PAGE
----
"Labor still has what to contribute to a renewed effort to reach peace," Peretz told the audience. "But Lieberman's presence is very grave for us. No one should guess what my recommendation will be to the Labor central committee. But you can be sure that I will have considered every possible aspect and its impact on the country and the party."
The kibbutz representatives, who make up one of Labor's largest sectors, decided to endorse remaining in the coalition.
Senior Labor MKs who spoke at the event were divided on the issue, with Science, Culture and Sport Minister Ophir Paz-Pines favoring quitting the government and Agriculture Minister Shalom Simhon saying that Olmert told him on Tuesday that he wanted Labor to stay.
"Olmert told me he wants Labor in the coalition. He respects Peretz as a leader and he does not want to play tricks on him or humiliate the party," Simhon said. "We need to try to unite Israeli society as much as possible and that means sitting with a party like Israel Beiteinu that represents immigrants who we have never properly represented."
Noting that a memorial ceremony for former Labor leader and prime minister Yitzhak Rabin was held prior to the event, Paz-Pines said that Labor leaders must ask themselves what Rabin would have done in their place.
"We have to ask ourselves how willing we are to be doormats," Paz-Pines said. "If we sit with Lieberman, we would betray our constituents. We don't see eye to eye with Lieberman on anything. We don't need a super-defense minister [over Peretz]. If we don't take ourselves seriously, no one will."
In a meeting with Peretz on Tuesday at the Knesset, Meretz leader Yossi Beilin told the Labor leader he would be making a big mistake if he decided to remain in a coalition with Lieberman. Beilin declined Peretz's request to discuss a merger of their parties.
Peretz also met with Lieberman in the Knesset cafeteria in a meeting that was not planned in advance. Both sides said the 10-minute meeting was coincidental and positive. Lieberman reportedly tried to convince Peretz to remain in the coalition.
Lieberman, whose title will be minister-without-portfolio in charge of strategizing for the Iranian threat, will discuss the issue with European Union foreign policy chief Javier Solana on Wednesday. Lieberman said in an interview with the Knesset Channel on Tuesday that his main task would be to help the different security and intelligence agencies better coordinate their work on Iran.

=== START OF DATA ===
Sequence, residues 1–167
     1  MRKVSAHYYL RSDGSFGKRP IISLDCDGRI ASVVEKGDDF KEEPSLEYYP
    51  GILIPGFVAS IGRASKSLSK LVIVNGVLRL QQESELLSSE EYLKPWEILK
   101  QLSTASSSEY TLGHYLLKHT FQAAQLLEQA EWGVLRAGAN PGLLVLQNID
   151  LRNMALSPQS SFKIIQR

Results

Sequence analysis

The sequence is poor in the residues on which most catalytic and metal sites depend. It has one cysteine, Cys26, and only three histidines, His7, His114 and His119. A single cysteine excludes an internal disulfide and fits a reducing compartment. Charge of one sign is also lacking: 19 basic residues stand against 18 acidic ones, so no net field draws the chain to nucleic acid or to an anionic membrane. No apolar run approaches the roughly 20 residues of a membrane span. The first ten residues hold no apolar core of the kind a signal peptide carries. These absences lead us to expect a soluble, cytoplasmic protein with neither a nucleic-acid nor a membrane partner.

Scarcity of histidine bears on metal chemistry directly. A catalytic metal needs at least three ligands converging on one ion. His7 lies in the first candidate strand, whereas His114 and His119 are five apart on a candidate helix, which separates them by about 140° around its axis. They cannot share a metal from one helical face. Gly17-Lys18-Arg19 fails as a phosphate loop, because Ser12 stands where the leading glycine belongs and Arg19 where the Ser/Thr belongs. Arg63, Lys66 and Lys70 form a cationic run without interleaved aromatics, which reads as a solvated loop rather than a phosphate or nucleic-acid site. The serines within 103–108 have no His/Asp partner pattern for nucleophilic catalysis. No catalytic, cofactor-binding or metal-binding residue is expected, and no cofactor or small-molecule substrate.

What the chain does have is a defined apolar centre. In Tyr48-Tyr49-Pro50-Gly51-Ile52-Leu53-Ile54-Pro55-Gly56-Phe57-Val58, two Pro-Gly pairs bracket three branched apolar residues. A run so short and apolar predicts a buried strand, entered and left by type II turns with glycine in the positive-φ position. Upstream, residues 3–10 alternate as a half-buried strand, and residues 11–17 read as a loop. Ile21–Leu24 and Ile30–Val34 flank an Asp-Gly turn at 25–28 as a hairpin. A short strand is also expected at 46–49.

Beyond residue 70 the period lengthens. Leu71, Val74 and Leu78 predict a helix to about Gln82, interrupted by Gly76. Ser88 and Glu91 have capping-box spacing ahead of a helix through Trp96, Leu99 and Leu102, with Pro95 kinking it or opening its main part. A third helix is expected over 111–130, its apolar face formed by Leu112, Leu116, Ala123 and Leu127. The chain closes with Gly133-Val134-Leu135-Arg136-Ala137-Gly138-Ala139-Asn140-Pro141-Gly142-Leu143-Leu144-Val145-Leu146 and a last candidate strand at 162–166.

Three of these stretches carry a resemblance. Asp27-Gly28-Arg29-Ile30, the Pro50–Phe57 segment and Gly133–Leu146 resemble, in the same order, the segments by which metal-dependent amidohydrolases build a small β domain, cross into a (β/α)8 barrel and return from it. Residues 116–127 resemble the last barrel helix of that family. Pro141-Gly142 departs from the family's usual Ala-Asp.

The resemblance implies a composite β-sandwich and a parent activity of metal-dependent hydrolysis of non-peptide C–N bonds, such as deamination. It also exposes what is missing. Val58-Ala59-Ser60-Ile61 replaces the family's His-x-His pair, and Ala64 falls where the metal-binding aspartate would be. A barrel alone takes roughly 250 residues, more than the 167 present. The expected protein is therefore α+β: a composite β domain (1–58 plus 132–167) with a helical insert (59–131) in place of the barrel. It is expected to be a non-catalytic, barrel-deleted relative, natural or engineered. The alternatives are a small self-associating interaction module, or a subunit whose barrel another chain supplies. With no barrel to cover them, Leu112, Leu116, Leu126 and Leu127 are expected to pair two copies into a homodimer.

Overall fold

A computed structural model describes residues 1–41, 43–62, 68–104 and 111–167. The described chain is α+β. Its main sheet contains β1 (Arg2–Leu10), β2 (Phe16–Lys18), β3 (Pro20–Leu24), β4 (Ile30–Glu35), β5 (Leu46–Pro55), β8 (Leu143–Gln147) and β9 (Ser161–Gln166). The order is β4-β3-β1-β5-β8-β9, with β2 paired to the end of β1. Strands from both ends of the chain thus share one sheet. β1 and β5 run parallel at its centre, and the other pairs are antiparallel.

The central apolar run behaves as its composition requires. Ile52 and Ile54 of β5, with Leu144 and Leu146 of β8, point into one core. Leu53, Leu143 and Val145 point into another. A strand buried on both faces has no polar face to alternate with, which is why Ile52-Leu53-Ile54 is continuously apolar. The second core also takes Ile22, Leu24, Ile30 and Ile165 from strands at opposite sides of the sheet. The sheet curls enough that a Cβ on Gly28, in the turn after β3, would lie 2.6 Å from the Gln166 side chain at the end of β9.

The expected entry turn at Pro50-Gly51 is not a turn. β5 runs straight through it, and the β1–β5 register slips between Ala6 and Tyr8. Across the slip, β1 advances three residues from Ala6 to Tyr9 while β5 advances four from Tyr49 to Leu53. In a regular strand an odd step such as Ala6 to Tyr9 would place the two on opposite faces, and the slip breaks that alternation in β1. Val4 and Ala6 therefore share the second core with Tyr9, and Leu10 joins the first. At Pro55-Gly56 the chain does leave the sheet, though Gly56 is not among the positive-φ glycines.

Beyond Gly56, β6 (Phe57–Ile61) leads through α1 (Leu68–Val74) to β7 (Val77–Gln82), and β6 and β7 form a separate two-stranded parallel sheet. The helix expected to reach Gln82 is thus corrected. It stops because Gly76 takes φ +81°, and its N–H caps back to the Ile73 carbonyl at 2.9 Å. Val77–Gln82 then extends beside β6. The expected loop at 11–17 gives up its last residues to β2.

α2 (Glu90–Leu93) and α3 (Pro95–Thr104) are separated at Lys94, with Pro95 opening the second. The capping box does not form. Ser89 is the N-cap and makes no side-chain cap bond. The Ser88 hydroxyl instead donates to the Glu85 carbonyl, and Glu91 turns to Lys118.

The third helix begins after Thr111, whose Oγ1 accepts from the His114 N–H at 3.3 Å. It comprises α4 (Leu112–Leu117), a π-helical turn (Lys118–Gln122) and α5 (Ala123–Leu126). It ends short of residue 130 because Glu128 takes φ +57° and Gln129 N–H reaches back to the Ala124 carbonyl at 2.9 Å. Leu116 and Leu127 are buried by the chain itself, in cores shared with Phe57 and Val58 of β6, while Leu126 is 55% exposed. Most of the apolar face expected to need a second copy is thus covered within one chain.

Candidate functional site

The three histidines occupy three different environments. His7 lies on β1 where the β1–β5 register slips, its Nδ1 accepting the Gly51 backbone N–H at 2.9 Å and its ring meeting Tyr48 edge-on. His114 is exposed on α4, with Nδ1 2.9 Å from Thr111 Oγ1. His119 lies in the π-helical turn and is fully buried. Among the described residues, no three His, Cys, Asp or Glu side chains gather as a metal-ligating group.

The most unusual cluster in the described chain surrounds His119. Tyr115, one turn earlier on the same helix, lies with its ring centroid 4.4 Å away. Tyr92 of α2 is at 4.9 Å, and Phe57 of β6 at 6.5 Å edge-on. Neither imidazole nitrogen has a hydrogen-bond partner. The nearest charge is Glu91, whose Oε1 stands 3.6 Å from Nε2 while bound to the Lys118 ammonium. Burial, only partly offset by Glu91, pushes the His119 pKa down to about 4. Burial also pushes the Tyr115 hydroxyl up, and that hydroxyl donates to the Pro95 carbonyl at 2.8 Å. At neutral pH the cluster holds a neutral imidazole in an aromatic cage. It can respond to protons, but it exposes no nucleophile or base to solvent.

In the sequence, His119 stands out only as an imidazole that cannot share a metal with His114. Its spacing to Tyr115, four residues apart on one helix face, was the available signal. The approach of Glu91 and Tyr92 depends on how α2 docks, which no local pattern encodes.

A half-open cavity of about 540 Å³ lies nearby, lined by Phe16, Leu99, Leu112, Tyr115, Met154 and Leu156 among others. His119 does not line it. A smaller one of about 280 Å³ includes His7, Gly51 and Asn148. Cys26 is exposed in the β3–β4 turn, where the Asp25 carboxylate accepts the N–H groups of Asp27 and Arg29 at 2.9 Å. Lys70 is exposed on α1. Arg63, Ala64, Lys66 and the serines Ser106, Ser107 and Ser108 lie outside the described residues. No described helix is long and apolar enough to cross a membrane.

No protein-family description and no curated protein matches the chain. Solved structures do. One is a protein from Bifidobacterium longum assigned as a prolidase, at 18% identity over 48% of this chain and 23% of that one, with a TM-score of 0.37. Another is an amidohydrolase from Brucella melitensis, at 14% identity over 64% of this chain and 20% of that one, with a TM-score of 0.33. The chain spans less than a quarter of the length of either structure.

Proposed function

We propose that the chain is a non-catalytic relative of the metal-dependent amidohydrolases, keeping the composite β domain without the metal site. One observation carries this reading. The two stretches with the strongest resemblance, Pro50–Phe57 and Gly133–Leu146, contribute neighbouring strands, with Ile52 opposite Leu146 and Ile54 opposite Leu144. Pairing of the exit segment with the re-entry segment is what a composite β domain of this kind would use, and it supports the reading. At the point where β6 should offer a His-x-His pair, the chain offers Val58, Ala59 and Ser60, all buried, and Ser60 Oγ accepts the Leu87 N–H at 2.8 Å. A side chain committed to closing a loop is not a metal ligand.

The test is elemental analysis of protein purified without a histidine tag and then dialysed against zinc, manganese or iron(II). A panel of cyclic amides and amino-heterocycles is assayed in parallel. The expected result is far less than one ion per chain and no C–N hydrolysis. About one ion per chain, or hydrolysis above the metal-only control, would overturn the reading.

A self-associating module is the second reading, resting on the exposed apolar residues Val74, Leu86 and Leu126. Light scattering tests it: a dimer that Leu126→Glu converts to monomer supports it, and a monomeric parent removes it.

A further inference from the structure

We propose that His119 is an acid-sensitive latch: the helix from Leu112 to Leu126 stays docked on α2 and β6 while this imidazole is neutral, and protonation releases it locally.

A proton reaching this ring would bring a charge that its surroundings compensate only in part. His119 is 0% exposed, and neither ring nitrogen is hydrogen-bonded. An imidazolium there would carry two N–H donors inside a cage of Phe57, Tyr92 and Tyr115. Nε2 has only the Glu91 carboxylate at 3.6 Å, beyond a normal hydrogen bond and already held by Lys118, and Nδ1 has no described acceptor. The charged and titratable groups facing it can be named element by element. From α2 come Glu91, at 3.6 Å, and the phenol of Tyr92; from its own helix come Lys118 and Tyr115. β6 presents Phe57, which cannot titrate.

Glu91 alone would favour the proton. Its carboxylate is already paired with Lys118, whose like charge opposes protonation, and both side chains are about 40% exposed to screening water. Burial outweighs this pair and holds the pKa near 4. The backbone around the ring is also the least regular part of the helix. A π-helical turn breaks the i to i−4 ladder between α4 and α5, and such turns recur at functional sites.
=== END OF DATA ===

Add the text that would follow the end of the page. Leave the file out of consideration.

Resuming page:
While it was unclear if Peretz would accept the deal, the cabinet and coalition votes on expanding the coalition that had been set for Wednesday were postponed late Tuesday night following vocal opposition from Arab MKs that the vote would have fallen on the final day of the Id al-Fitr holiday, which ends that evening.
Knesset Speaker Dalia Itzik had announced that she would allow the vote to take place, but had schedule it for "late in the day" so that Muslim MKs could celebrate before attending the vote. Traditionally, no "important" votes are held on the three days of the Id a-Fitr holiday, which marks the end of Ramadan.
"Holding this vote on Id al-Fitr is the equivalent of holding it on a Jewish holiday like Simhat Torah or Rosh Hashana," MK Dov Henin (Hadash) had said prior to the cancellation of the votes. "It's a disgrace and disrespectful to Muslims, especially since it is Lieberman, who has been so disrespectful to Muslims, who is being voted in."
Henin had added that as far as he knew, all of the Knesset's Muslim MKs would interrupt their holiday to come to the Knesset and vote against Israel Beiteinu's addition to the coalition, in protest of that party's "anti-Arab and racist views."
Next Sunday's Labor central committee will vote on whether Labor should remain in the coalition.
Sheera Claire Frenkel contributed to this report.